LONDON: Brand owners hoping to drive up online sales in Europe must strike the right balance between social media, email marketing and customer service, a new study has argued.

To gain an insight into current web retail habits, eGain, the software provider, and Vision Critical, the survey firm, polled 3,000 adults in 11 nations, including France, Germany, Italy, Spain and the UK.

A 22% share of the panel revealed that recommendations on social media services had previously influenced an acquisition made through the internet, rising to 29% for 18-34 year olds.

If seeking further information at the final stage of the purchase process, 41% of contributors said a company responding quickly to an email exerted the most positive impact on their decision, reaching 38% for useful "frequently answered questions" sections on brand websites.

Among the factors causing people to abandon transactions are "unclear or confusing" technical details on 26%, complex registration and payment systems on 21% and negative social media reviews on 20%.

In discussing what shapes loyalty to online retailers, 55% of interviewees agreed their opinion was best summed up by the statement "I value service, but I don't expect to pay a premium for it."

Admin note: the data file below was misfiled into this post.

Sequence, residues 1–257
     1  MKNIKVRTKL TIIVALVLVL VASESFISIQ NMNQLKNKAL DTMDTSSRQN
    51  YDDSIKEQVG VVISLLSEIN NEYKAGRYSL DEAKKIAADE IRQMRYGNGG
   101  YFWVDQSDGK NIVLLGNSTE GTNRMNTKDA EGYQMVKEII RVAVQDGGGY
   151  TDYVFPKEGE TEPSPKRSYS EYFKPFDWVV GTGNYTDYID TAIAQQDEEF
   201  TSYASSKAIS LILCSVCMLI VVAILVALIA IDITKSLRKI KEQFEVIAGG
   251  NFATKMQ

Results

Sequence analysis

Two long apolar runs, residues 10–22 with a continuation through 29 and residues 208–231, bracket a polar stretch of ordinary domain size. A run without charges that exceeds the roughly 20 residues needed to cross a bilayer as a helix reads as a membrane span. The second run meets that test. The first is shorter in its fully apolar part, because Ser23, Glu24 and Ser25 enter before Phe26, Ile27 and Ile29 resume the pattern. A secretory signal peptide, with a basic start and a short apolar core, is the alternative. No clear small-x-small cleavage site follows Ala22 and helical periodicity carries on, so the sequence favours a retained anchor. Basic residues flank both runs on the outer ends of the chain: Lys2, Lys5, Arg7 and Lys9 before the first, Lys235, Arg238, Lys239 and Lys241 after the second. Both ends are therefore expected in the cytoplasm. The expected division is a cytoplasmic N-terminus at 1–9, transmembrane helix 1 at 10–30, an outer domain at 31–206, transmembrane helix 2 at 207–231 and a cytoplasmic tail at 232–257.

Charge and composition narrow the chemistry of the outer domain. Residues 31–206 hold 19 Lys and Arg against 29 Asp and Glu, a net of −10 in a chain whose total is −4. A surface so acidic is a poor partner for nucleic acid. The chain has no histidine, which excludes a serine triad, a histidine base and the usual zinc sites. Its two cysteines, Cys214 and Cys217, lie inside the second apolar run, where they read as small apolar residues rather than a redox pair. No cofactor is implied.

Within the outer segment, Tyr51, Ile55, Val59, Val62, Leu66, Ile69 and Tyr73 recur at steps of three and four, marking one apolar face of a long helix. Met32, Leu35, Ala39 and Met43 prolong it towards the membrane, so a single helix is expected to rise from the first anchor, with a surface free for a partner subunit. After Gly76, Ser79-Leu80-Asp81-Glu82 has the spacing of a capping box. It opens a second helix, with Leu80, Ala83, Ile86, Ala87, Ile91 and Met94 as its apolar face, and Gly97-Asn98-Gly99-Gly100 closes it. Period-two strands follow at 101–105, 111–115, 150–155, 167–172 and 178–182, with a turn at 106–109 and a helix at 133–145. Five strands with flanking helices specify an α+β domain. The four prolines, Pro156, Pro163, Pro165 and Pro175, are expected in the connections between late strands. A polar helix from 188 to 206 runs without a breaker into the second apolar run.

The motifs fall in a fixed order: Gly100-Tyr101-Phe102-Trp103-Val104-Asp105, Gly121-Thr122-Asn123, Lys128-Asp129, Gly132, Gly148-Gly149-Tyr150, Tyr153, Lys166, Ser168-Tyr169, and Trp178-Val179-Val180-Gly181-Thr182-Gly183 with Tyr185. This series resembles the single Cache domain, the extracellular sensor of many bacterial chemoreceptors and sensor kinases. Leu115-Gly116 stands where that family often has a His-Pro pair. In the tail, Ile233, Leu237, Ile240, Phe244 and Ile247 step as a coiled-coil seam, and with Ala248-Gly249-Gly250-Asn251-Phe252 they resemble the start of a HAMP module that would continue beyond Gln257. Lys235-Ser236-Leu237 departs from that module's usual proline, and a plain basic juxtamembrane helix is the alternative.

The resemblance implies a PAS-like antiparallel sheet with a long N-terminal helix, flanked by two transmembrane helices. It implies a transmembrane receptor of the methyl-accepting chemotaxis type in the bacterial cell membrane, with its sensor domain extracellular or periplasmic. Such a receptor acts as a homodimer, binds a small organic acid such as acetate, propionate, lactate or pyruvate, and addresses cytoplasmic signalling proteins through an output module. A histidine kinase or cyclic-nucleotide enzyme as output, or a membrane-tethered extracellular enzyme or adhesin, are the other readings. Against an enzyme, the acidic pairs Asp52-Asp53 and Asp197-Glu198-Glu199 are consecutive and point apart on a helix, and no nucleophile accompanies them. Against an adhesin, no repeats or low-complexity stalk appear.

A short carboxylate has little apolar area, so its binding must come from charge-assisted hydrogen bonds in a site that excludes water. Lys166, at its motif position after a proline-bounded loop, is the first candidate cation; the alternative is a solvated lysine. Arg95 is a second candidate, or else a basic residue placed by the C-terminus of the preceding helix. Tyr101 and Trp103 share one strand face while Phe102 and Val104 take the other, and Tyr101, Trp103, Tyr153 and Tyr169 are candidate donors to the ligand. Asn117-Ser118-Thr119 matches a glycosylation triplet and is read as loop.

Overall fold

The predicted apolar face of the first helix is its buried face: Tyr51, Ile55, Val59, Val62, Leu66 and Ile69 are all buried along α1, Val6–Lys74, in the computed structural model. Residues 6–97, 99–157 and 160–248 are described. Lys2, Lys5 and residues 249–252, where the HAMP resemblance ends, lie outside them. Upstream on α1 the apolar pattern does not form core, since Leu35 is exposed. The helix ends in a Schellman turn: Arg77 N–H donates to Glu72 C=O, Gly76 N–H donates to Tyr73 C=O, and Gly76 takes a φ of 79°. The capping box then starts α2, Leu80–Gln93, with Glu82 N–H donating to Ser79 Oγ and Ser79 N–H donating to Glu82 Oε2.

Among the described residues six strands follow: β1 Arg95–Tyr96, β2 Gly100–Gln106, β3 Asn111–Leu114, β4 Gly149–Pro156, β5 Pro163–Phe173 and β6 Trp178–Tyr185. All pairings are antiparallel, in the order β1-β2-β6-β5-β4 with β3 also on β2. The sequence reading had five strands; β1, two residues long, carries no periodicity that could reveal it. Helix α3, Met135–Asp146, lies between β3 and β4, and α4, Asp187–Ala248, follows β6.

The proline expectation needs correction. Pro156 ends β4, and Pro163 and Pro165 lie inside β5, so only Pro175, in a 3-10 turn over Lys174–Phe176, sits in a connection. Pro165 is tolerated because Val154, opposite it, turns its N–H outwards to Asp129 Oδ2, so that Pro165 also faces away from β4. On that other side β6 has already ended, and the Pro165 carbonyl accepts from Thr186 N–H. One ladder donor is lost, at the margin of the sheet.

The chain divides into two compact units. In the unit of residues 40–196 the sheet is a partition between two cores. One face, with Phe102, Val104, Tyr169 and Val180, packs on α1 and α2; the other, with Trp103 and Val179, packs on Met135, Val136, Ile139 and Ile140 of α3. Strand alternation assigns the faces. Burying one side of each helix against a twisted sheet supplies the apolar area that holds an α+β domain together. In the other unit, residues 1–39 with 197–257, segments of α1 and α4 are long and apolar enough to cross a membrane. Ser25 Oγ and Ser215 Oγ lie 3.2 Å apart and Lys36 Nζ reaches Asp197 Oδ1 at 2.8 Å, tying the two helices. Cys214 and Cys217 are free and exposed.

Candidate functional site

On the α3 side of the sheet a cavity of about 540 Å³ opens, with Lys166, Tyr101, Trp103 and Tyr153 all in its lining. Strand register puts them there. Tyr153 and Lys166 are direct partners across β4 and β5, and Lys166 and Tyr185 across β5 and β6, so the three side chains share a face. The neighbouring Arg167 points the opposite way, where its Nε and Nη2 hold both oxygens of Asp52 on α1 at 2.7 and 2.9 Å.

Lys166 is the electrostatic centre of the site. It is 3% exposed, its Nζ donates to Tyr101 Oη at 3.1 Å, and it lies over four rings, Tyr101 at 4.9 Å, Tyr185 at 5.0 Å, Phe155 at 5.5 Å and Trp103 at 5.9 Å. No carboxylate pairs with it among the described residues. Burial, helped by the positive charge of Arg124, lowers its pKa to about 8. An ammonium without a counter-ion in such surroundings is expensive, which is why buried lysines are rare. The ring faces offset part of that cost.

Another 42% of consumers afforded this status to the idea that "customer service is as important as price", according to the analysis.

Using a five point scale to rate their satisfaction with the service provided by different companies on the web, retailers scored an average of 3.6 points out of five.

Travel and leisure firms generated 3.4 points, the same total as product manufacturers. The finance and insurance sector logged 3.1 points, as did telecoms, while utilities providers came in just below three points

When assessing which offers from firms they had already done business with, 61% of consumers would consider an email regarding a complementary product to one they had previously bought.

An additional 59% may also respond favourably to emailed offers rewarding loyalty over a longer period. By contrast, only 6% proved open to these types of communications via social media.

Upon making complaints, 48% of participants concurred that emailing a company was the most likely first option, with a phone call on 32%, and using social media or online chat tools on 17%.

Data sourced from eGain; additional content by Warc staff